The journalist, that unhappy beast, is motivated in his writing by the desire to sell more stories, and hence, the better he writes to this end, the more demand there will be for his stories, and the more he will have to write.
But like any market, there are forces of supply and demand. By providing what the public wants, the journalist increases their appetite; and the more he feeds them, the hungrier they get. There has to come a point where demand catches, and passes supply.
What can the journalist do but use what he writes to provoke new stories into existence? This is extremely common. A jounalist who writes an exposé of political corruption may trigger an official inquiry (new story) that leads to accusations, allegations, resignations (new stories). A journalist who writes about the potential of a new, untried cancer treatment will cause desperate cancer sufferers to try to obtain the treatment before it has been proved to be safe and effective (new story), and they suffer as a result because it is neither safe nor effective (new stories).
Editors don't judge news on some mysterious notion of "newsworthyness" or public spirited "need to know". It is judged on how much more news the news is going to create. They have to because they are enslaved by the demand that they create, and the only way to feed the demand is to manufacture more news.
Reporting the switch-on of the LHC honestly and faithfully would have resulted in no new news:
"The LHC is going to be switched on at CERN. It is the biggest project of any kind ever undertaken by mankind. It is going to start producing experimental data over the next few months, which will take many more months to be analysed, and then scientists will argue for many more months over whether anything has actually been discovered."
This, of course, engenders apathy. Consequently, journalists have given a lot of undue attention to the handful of scientists who went to the trouble to calculate the probability of the LHC creating a world-swallowing black hole or some other equally catastrophic exotic entity. Never mind the fact that the calculations show that the possibility is vanishingly small. Never mind the fact that the very existence of black holes is known only mathematically and through indirect observation, and that if those mathematics are correct then any mini-black holes will emit (Hawking radiation) faster than they can consume matter, causing them to "evaporate". Never mind that the various exotics (singularities and whatnot) are entirely hypothetical.
What matters in reporting this is that the calculations have been made at all. On the fundamental journalistic dogma that "there's no smoke without a smoking gun" (or something), the very fact that anyone is seriously considering the possibility of world-eating black holes being created in France suggests that there is a real risk, however small, that this may occur.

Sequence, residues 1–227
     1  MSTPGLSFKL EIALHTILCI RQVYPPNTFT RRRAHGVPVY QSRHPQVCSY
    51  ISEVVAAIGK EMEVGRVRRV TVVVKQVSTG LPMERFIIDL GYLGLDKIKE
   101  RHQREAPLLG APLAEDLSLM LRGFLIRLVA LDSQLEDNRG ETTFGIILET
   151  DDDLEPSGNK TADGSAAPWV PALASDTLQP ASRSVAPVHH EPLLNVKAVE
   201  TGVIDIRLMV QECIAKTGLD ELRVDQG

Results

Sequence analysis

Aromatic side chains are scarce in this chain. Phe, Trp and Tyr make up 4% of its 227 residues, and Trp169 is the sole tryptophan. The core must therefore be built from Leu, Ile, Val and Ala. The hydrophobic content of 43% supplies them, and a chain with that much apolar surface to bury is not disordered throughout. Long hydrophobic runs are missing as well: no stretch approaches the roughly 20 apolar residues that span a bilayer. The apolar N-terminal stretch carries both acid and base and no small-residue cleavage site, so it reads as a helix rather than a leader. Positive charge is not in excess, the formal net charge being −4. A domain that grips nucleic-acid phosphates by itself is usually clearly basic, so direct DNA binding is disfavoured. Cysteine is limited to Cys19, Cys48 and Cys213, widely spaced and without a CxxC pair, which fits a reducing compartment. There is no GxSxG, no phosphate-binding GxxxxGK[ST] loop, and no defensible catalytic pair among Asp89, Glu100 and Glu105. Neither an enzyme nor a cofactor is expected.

Consequence? People with nothing but money and time to waste between their ears bring court cases to try to prevent CERN from destroying the earth. Which is news, of course, since everyone likes to laugh at the ignorant looneys.
Scientists only make it worse, of course, because their professional discipline prevents them from being dismissive. I've yet to hear any scientist respond to these claims with "don't be silly." That may be an impolite (and unscientific) answer, but it is a responsible one. Giving a carefully worded answer convinces people that you've thought carefully about it and that persuades them that it is a real possibility. Being dismissive may seem cavalier, but it shows that you aren't concerned.
A lot of attention is payed to superconductors, and the fantastic speeds at which the protons whizz round the accerator, and the huge energy levels at which they collide. I suspect scientists are reluctant to point out what the actual energy (as opposed to energy level) of a handful of protons is. It is disappointingly small when compared with the budget, and the people paying for it have faith in place of knowledge.
The best thing about CERN is that it is a sure thing. If it finds nothing, then we're wrong about most of what we think about the Universe. If it finds anything, it will be things that we've never seen before, and some mainstream views will be wrong - it will be possible to choose between possibilities that currently compete on theory, using observation. That is unimaginably cool, and the folks at CERN are heroes for doing what they've done.